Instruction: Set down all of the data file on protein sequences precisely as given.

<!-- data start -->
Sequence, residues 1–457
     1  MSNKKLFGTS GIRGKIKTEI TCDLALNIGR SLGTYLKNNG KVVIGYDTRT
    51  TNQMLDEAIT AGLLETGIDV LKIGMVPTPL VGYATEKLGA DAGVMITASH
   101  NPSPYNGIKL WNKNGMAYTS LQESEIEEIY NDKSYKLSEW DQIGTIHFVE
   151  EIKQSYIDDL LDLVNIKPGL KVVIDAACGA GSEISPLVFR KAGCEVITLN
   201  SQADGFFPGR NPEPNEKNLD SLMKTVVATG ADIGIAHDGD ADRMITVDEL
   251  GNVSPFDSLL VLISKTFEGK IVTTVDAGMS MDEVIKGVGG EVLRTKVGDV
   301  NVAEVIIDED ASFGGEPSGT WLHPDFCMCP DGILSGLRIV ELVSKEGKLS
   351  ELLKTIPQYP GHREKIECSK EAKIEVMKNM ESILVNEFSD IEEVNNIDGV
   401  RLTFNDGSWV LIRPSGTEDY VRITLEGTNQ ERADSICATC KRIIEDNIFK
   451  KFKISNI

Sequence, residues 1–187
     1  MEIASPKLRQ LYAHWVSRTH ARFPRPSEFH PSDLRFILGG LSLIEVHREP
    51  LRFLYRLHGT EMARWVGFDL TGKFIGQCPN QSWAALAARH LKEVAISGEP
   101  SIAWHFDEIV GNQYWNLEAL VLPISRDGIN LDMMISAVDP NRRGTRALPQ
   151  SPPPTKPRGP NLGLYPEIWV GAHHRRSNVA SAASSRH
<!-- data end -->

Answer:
Sequence, residues 1–457
     1  MSNKKLFGTS GIRGKIKTEI TCDLALNIGR SLGTYLKNNG KVVIGYDTRT
    51  TNQMLDEAIT AGLLETGIDV LKIGMVPTPL VGYATEKLGA DAGVMITASH
   101  NPSPYNGIKL WNKNGMAYTS LQESEIEEIY NDKSYKLSEW DQIGTIHFVE
   151  EIKQSYIDDL LDLVNIKPGL KVVIDAACGA GSEISPLVFR KAGCEVITLN
   201  SQADGFFPGR NPEPNEKNLD SLMKTVVATG ADIGIAHDGD ADRMITVDEL
   251  GNVSPFDSLL VLISKTFEGK IVTTVDAGMS MDEVIKGVGG EVLRTKVGDV
   301  NVAEVIIDED ASFGGEPSGT WLHPDFCMCP DGILSGLRIV ELVSKEGKLS
   351  ELLKTIPQYP GHREKIECSK EAKIEVMKNM ESILVNEFSD IEEVNNIDGV
   401  RLTFNDGSWV LIRPSGTEDY VRITLEGTNQ ERADSICATC KRIIEDNIFK
   451  KFKISNI

Sequence, residues 1–187
     1  MEIASPKLRQ LYAHWVSRTH ARFPRPSEFH PSDLRFILGG LSLIEVHREP
    51  LRFLYRLHGT EMARWVGFDL TGKFIGQCPN QSWAALAARH LKEVAISGEP
   101  SIAWHFDEIV GNQYWNLEAL VLPISRDGIN LDMMISAVDP NRRGTRALPQ
   151  SPPPTKPRGP NLGLYPEIWV GAHHRRSNVA SAASSRH